Are The Amounts That Go To Charity Excluded From Your Taxable Estate?
Yes; any portion of an estate that goes to charity does not count as a portion of the estate when it comes to inheritance tax. There is no limit to this.
Can You Allow Your Beneficiaries To Disclaim In Favor Of A Charitable Vehicle?
Yes, you can allow your beneficiaries to disclaim in favor of a charitable vehicle. The way a disclaimer works is that the beneficiary simply states that they do not want to receive the inheritance. They cannot direct where that inheritance will go; that would be an assignment. An assignment has very different tax consequences than a disclaimer. A disclaimer simply says that the person doesn’t want the inheritance. The donor needs to have provisions in the estate planning documents which state that if the beneficiary disclaims, then the charitable distribution will be made either directly to charity or through one of the specific types of trusts that we’ll discuss later. This is something that needs to be done during the donor’s lifetime so that it can be done as a disclaimer and receive the most favorable tax treatment.
What Are The Different Ways That Annual Charitable Deduction Donations And Bequests At Your Passing Can Be Made?
In general, they can be made immediately and outright to the charity, either during the person’s lifetime (as with any ordinary charitable gift that one would make) or immediately upon a person’s death. It could be set up that way in their trust or in their will. It can also be done through annuities, charitable irrevocable trusts or an arrangement known as a donor-advised fund. This is probably one of the most underused methods of giving to charity.
A donor-advised fund is an irrevocable gift that is made to a fund that holds that gift. The donor gets credit for making the gift, and they get a tax deduction in the year that they transfer the money to the fund. At any time after that, the donor can direct the fund to donate all or a portion of what they’ve contributed to a particular charity. So, it allows the person to get a charitable deduction in one year, but to hold the funds and determine the charity in a future year. They can either amass larger amounts so that their gifts to charity can be in greater amounts, or they can simply defer making a decision of which charity gets the money at a particular time, while getting an income tax deduction for the donation in the current year.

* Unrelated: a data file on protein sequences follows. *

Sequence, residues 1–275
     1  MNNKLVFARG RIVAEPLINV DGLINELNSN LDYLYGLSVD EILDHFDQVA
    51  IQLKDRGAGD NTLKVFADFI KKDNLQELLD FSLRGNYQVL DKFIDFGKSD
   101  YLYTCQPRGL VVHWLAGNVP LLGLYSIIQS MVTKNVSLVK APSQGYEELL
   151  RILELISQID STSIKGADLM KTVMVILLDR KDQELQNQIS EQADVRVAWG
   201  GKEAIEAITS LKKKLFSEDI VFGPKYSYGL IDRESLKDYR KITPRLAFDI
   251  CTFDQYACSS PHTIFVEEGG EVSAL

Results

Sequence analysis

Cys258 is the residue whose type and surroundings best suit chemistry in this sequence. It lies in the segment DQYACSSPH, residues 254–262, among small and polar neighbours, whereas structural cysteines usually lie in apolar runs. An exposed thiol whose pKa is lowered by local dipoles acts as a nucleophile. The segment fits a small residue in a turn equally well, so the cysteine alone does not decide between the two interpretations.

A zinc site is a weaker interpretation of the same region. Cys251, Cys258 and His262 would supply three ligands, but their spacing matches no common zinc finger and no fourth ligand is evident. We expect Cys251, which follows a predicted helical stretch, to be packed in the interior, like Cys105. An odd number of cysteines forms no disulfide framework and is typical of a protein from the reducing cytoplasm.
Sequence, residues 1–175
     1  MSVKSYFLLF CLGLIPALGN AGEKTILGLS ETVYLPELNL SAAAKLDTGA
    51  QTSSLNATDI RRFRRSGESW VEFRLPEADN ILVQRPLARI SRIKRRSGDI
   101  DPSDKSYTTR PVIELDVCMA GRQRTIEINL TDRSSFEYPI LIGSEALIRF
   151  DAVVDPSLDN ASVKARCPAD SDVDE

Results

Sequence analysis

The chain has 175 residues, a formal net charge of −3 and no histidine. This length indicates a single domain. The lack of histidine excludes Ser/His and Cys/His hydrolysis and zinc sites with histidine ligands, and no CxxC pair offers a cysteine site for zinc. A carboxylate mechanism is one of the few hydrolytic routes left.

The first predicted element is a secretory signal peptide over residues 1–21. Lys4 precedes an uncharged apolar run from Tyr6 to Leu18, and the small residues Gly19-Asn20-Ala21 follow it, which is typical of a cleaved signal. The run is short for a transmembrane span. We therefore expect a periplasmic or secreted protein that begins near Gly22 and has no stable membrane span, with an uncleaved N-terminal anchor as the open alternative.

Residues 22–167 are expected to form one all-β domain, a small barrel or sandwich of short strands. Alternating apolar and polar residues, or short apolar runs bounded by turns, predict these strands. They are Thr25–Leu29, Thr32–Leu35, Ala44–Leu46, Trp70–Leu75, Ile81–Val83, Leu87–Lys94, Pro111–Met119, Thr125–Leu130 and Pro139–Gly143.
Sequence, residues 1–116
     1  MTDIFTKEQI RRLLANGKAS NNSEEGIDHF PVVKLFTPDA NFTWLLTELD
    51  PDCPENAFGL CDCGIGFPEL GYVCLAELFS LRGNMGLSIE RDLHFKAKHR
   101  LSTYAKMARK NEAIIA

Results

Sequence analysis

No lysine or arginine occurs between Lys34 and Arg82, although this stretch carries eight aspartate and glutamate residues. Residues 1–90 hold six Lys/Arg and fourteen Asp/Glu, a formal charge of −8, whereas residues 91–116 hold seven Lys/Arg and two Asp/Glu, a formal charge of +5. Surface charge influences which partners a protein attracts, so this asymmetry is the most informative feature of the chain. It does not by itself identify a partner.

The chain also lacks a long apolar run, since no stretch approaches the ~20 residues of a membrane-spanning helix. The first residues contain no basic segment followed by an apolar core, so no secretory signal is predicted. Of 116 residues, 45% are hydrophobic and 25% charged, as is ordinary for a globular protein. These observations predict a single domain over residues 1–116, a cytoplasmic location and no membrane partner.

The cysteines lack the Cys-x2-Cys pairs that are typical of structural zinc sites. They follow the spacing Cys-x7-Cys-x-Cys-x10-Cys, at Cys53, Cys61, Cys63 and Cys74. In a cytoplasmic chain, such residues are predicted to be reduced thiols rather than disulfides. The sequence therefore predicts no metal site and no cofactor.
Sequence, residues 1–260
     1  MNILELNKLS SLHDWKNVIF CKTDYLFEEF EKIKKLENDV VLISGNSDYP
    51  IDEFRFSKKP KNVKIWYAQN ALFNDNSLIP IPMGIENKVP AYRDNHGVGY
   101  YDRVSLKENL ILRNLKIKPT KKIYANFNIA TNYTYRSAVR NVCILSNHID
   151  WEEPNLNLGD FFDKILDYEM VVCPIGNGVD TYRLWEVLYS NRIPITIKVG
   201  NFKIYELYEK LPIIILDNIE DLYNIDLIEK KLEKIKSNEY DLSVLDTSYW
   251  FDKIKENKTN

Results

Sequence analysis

Are Irrevocable Trusts Used In Tax Advantage Giving?
Irrevocable trusts are very good tools to use for tax advantage giving. They allow a person to create an immediate charitable deduction and a vested interest for a charitable organization while still retaining some benefits of those assets during the donor’s lifetime, as explained below.
What Is A Charitable Lead Trust? How Is It Established?
A charitable lead trust is an irrevocable trust that the donor would create. The donor would transfer assets to this trust. For a fixed period of time established by the donor, the trustee of that trust would make an annual contribution to charity out of the trust. The trust earns income each year, which offsets at least a portion of the gift. Those gifts are made to charity for that fixed period of time. Whatever is left in the trust at the end of that period goes back to the donor or the donor’s beneficiaries. The advantage of the charitable lead trust is that it allows the money to go to the donor’s family or other beneficiaries with a much lower inheritance tax impact.
If we were to put one million dollars in a charitable lead trust and allow a charity to take a percentage from that over a number of years, the children could still receive a million dollars several years later, but only half of that amount (or even less) would impact the inheritance tax. It’s a good way to defer a portion of the gift for the beneficiaries, allow a charity to have an income stream and reduce the overall inheritance tax on the estate.
What Is A Charitable Remainder Trust? How Is It Utilized?
A charitable remainder trust simply reverses the parties from a charitable lead trust. In a charitable remainder trust, the donor sets up and transfers assets to the trust. Those assets pay an income to the donor for a period of time. Whatever is left after that period of time goes to a charity. We commonly see these used for people who have highly appreciated assets, such as rental property, stocks or other securities that have gone up significantly in value.
When an asset increases significantly in value, inherent capital gains issues can arise if that person wants to sell that asset. A charitable remainder trust allows the donor to transfer the assets to the charity, and since they’re transferring the assets in kind, there is no capital gains tax. The charitable trust can then sell the assets. Since the charitable trust operates as a charity, the charitable trust does not pay any capital gains tax.
Then, the trustee of the trust can invest the entire amount of the sale to generate income for the donor. If the donor had to sell the assets and pay the capital gains, then they would only have 75% to 80% of the value of the assets to invest for future income. So, it can generate a lot more income for the donor than they would be able to do themselves. These can be set up so that they will pay out their income for the donor’s lifetime or for a fixed number of years (or some combination thereof).
For more information on Tax Exclusions For Charity Donations, a free initial consultation is your next best step. Get the information and legal answers you are seeking by calling (626) 385-6303 today.
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